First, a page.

Red Sox first base outlook: Can Casas reach All-Star level in 2024? originally appeared on NBC Sports Boston
Boston Red Sox spring training workouts are set to begin when pitchers and catchers report to Fort Myers, Fla. on Feb. 14. Full squad workouts begin on Feb. 19.
Ahead of spring training, we're assessing the Red Sox's situation at each position for the 2024 campaign. We'll break down the players expected to play the position for Boston in 2024, followed by a confidence grade. These positional outlooks will be updated as moves are made in the offseason.
In this installment of the series, we focus on first base.
Casas entered his rookie 2023 season with lofty expectations. Boston's former No. 1 prospect was counted on as the team's primary first baseman following the departure of veteran Eric Hosmer, who played in 14 games for the Red Sox after the 2022 trade deadline.
After a rough April, Casas caught fire at the plate and was arguably the Red Sox's most consistent hitter. He slashed .291/.385/.531 with 21 homers and 57 RBIs in 107 games from May 1 on. The 24-year-old led the team in walks (70), OBP (.367), and OPS (.856) while finishing second in home runs (24).
That effort resulted in Casas placing third in American League Rookie of the Year voting behind Baltimore Orioles infielder Gunnar Henderson and Cleveland Guardians right-hander Tanner Bibee. Had it not been for his slow start, Casas would have had a legitimate shot at winning the award.
As encouraging as Casas' rookie season was, there's plenty of room for improvement, particularly on the defensive side. The 2018 first-round draft pick experienced some struggles at first base with the big-league club, a somewhat surprising development given the above-average defense he showcased as a minor leaguer.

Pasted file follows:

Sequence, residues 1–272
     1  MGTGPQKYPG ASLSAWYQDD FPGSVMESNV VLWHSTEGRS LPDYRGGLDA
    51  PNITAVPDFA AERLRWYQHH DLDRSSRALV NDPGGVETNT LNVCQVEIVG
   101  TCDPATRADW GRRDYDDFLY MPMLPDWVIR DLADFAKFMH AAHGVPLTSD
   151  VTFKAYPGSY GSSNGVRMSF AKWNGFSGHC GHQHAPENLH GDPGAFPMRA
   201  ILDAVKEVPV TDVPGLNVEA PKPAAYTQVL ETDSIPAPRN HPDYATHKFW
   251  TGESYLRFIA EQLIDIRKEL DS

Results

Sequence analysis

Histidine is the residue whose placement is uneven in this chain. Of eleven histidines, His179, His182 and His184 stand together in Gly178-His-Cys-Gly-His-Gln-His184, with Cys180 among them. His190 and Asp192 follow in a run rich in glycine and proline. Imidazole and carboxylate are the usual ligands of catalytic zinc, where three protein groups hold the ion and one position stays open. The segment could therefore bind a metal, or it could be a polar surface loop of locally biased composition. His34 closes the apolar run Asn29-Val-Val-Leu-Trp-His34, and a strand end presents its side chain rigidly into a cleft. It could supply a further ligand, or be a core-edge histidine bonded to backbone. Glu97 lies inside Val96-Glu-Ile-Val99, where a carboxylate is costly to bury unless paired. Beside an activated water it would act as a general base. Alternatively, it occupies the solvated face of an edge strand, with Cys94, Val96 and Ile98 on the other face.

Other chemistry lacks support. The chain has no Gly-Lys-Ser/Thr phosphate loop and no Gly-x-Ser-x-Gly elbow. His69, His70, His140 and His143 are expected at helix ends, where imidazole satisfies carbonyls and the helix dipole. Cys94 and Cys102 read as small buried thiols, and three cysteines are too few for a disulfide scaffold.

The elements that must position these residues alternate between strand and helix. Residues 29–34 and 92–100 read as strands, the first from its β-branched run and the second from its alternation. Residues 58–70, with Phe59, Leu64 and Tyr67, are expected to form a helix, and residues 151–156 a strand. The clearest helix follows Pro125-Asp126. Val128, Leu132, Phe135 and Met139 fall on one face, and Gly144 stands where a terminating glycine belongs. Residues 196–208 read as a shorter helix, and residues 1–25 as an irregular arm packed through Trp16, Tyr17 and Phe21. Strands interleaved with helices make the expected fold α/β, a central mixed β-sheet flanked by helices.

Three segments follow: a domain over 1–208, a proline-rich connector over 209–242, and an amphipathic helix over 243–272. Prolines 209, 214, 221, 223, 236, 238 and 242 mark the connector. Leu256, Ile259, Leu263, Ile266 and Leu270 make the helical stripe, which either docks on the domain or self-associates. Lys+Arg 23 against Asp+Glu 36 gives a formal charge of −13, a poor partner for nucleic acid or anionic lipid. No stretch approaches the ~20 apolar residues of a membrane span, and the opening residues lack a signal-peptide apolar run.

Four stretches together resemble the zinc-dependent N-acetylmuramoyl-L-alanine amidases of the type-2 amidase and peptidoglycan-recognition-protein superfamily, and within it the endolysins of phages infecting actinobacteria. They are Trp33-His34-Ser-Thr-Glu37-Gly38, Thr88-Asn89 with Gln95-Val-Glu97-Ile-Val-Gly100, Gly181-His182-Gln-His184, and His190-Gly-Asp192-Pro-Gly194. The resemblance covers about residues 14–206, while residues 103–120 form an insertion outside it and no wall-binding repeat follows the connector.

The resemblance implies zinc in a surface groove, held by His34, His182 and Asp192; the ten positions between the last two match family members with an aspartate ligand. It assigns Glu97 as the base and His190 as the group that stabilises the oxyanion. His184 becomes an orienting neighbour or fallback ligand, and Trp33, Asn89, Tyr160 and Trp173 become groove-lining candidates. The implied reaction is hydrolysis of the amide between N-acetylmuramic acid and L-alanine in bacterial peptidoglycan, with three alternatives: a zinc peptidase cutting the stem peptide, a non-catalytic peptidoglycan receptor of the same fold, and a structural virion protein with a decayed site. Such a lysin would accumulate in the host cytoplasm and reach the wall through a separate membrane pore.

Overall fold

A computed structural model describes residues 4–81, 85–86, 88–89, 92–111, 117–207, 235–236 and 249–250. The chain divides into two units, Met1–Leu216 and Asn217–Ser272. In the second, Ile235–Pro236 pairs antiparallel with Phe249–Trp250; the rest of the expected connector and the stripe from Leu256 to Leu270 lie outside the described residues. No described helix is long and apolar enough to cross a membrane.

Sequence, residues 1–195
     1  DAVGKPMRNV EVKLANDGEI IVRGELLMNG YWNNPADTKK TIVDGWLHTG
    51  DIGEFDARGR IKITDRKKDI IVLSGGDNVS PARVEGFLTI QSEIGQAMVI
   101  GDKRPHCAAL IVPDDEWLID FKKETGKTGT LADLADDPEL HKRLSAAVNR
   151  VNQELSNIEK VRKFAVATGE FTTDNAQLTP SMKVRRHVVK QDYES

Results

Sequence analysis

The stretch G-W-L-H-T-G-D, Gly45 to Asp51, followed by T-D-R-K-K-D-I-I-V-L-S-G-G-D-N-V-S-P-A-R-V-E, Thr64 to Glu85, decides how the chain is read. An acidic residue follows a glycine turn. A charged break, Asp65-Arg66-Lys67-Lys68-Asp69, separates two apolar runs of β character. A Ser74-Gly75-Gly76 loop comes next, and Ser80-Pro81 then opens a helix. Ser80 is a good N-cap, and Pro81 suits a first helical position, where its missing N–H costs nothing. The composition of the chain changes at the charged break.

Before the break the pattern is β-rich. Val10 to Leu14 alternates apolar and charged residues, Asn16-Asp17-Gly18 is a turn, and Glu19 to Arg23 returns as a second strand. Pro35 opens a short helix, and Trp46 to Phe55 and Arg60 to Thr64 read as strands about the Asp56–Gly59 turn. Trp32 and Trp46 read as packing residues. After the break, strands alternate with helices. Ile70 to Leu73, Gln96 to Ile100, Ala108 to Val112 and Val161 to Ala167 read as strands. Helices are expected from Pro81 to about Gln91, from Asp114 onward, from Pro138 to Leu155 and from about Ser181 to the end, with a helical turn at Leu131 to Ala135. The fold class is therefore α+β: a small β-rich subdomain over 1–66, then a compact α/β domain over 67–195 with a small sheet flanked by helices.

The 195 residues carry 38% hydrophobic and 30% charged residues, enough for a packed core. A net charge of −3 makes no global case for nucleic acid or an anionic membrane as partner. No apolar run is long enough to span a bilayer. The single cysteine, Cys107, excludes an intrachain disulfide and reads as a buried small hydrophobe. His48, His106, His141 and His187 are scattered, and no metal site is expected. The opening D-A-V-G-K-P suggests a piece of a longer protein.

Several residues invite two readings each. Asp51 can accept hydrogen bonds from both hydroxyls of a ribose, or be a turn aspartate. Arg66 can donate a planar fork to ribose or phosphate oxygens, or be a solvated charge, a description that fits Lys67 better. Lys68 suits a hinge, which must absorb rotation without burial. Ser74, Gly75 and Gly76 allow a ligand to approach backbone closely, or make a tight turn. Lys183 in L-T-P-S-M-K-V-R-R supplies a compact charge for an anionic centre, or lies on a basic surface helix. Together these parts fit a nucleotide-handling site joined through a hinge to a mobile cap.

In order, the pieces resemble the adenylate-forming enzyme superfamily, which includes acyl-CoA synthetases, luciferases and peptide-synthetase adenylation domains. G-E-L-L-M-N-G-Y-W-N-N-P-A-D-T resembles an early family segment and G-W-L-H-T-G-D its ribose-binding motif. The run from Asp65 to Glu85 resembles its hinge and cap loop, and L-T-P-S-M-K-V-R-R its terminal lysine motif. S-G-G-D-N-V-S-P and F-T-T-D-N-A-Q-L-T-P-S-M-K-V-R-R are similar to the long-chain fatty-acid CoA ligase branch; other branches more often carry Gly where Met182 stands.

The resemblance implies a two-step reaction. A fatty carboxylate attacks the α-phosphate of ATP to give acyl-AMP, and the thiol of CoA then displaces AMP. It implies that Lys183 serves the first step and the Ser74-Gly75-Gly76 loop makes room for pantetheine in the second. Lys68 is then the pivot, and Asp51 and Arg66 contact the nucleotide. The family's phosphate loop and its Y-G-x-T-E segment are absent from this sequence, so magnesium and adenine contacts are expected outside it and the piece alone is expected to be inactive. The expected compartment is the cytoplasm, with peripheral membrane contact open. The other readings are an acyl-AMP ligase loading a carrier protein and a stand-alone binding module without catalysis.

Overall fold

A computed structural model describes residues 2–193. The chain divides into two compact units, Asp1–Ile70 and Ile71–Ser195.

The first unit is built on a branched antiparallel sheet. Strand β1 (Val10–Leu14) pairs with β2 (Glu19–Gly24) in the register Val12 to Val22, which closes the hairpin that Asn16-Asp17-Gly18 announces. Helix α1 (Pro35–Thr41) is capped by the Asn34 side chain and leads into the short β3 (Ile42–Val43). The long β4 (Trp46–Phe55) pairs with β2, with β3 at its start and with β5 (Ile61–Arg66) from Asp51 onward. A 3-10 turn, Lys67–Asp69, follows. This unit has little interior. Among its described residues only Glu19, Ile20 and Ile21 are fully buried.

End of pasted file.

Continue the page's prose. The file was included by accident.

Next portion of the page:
Casas will also look to step up in a leadership role with veteran first baseman Justin Turner no longer in the clubhouse. According to Red Sox manager Alex Cora, he has made significant strides in that department over the last few months.
“He’s been kind of like our MVP this offseason," Cora said at Winter Weekend, via the Boston Herald. "He came here to visit hospitals, all that stuff, he went to the (Dominican Republic)… And then he went to Dallas (for Trevor Story’s minicamp), and he’s here. He went to Rookie Development Program. So, I think he understands who we are, where we’re at.
"It’s been a great offseason for him physically, mentally, understanding who is he for us, and I’m very proud of him.”
If Casas takes another step forward in his development in 2024, the Red Sox can trust him to be a franchise cornerstone for years to come. All signs point toward him once again being a bright spot for a Boston club hoping to avoid yet another last-place finish in the AL East.
Dalbec remains a candidate to be traded before the 2024 season, but as the roster currently stands, he projects to serve as Boston's backup first baseman.
Cora said as much in December:
“I think there’s a great opportunity for Bobby to be part of this,” Cora said at the Winter Meetings, per MassLive’s Chris Cotillo. “He can play first. He can play third. He played the outfield toward the end of the season. He’s been able to hit lefties. In the situation we’re in right now, it makes sense for him. If everything goes well and nothing changes, there’s a good chance that he’ll be that guy.”
Dalbec, 28, appeared in only 21 games for the big-league club last year. There was little need for him on the roster with Casas and Justin Turner handling first base duties. If Turner doesn't return next season, Dalbec presumably would assume his role as a backup first baseman/designated hitter who can hit left-handed pitching. As Cora explained, he also brings some value with his defensive versatility.
In 114 games last season with Triple-A Worcester, Dalbec hit .269 with 33 homers, 79 RBIs and a .938 OPS. While he hasn't been able to carry that success into the majors, it looks like he'll get at least one more chance to carve out a consistent role with the club.
First base confidence grade: B+
There's always a chance Casas experiences a sophomore slump, but he's the least of the Red Sox's worries heading into the 2024 campaign. He'll be one of the few reasons to watch games if Boston struggles yet again.
Depth at the position is a concern. Dalbec can't be relied on as the everyday first baseman if Casas goes down. That's the one thing preventing this confidence grade from reaching the A range.